With all the function and style that the Encore manages to pack into its platform, it’s a real pity that it shares the same problem as the smaller Encore, a lack of muscle. Buyers have the choice of either a 1.2 liter turbocharged three cylinder engine or an optional turbocharged 1.3 liter three banger. Our tester arrived with the latter engine, which is good for 155 horsepower and 174 lb-ft of torque. This allowed our tester to have initial bursts of muscle when accelerating, but don’t be fooled, this three banger is more of a paper tiger, with that initial burst of confidence abruptly transforming into persistent laziness. The engine gets very wheezy at freeway speeds, and while passing in the Encore GX is very commendable, the lack of guts is still very evident, with our tester jogging its way to 60 mph in 8.7 seconds, which is slightly slower than the smaller Encore’s bigger 1.4 liter engine.

The thrashy engine is paired to one of two transmissions depending on what configuration is selected. If it’s an all-wheel drive model then it gets a nine speed automatic, otherwise, it’s hooked up to a CVT which drones like a swarm of hornets, and has no problem bungling its way through gear ratios. All of this is paired up with a very sloppy steering rack that feels over-boosted, and offers erratic levels of response to the driver. Vagueness in the on center position immediately transitions to bouts of heaviness and as a result, it can be very hard getting to know the GX’s limits at times.

But while the GX will never be known as a track champion, there are a couple things that it still manages to get right. The first is refinement, with the GX offering a fairly commendable ride and quiet when you allow it to go through the motions at its own pace. Buick’s QuietTuning technology is on full display here, and it does a good job of silencing excess noise when you take the GX through city commutes. Fuel economy is also very good, with the 1.3 liter actually being more fuel efficient than the smaller 1.2 liter base engine, with the EPA rating front wheel drive like our example at 30 mpg city (a small bump over the other engine’s 26 mpg) and 32 mpg in freeway driving (a gain of 2 mpg.)


Value Quotient

Pricing for the 2020 Buick Encore reflects the high levels of value that the brand is trying to bake into this particular entry, with a base Preferred model in front wheel drive guise starting at$25,095. The mid-range Select has a slightly higher MSRP of $26,695 and is also the trim where you get introduced to the GX’s safety equipment. Last but not least is the top of the line Essence trim, which starts at $29,495. Our tester arrived with $5,470 worth of optional extras which helped push the final price to $34,965.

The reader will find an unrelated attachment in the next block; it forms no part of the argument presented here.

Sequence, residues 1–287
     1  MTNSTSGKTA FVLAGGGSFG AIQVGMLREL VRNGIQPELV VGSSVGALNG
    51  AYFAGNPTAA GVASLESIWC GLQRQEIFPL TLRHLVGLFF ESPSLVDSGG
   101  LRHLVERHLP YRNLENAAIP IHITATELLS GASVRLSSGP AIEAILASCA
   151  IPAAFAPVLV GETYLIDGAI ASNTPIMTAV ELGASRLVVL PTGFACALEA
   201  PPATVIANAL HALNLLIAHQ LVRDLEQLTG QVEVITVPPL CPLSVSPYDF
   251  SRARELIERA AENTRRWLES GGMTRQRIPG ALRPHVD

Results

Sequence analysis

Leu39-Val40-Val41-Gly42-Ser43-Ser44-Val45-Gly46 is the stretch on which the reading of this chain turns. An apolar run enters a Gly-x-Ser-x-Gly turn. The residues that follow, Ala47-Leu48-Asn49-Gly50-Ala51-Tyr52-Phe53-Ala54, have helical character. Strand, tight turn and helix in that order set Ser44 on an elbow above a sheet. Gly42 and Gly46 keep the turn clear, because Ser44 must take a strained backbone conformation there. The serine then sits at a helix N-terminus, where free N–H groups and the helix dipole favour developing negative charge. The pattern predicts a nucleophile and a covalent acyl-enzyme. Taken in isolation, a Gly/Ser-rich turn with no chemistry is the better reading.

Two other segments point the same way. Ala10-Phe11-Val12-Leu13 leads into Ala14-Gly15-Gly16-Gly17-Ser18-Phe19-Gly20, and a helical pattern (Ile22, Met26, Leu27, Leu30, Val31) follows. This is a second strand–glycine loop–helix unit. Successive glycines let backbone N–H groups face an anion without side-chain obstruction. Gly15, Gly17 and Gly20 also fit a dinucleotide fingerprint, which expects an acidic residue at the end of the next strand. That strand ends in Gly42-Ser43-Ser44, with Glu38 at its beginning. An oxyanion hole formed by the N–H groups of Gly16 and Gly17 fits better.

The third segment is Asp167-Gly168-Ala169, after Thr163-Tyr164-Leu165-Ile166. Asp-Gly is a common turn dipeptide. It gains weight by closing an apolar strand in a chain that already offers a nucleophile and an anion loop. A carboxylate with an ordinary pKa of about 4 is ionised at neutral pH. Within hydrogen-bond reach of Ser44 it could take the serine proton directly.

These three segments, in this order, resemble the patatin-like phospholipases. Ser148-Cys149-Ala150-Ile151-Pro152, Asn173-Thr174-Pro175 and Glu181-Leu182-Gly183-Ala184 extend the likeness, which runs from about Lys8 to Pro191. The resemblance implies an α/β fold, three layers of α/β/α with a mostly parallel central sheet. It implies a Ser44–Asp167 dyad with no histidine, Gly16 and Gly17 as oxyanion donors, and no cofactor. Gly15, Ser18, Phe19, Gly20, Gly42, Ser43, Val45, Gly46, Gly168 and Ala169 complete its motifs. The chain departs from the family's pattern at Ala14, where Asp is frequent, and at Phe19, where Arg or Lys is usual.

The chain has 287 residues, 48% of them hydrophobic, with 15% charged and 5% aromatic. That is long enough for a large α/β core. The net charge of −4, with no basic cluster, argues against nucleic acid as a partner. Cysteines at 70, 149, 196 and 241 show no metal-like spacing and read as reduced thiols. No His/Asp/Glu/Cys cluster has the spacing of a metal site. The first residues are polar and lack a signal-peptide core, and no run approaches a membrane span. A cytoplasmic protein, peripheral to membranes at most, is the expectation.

That includes the $995 destination fee, and puts the Encore GX squarely in the running with others in the segment. Unfortunately, alot of these rivals have far better driving dynamics, with the BMW X1 and the Volvo XC40 all having more powerful engines and better transmissions to balance out their higher price tags. The Hyundai Kona has four cylinder engines across the board, and the optional 1.6 liter turbo has more power than the 155 horsepower 1.3 liter. The Kia Seltos also recently made its way onto the scene, and the spunky Kia not only has a cheaper price tag, but also has a better interior and performance.


In short, the 2020 Buick Encore GX is a very interesting CUV offering. It fills a noticeable niche for Buick, and it serves as the proverbial grey area between the smaller Encore and the Envision. But while the technology and the functionality it has on board are very impressive, it’s balanced out rather noticeably by its lazy performance manners. If your looking for something that can bring a decent amount of spunk to go along with its utility, the GX is not for you. But if you are willing to adjust to the GX, and let some of its advantages shine through, this Buick offering might be the perfect tool for your needs.

Carl Malek has been an automotive journalist for over 10 years. First starting out as a freelance photographer before making the transition to writing during college, his work has appeared on numerous automotive forums as well as websites such as Autoshopper.com.

Carl is also a big fan of British vehicles with the bulk of his devotion going to the Morgan Motor Company as well as offerings from Lotus, MG, and Caterham. When he is not writing about automobiles, Carl enjoys spending time with his family and friends in the Metro Detroit area, as well as spending time with his adorable pets.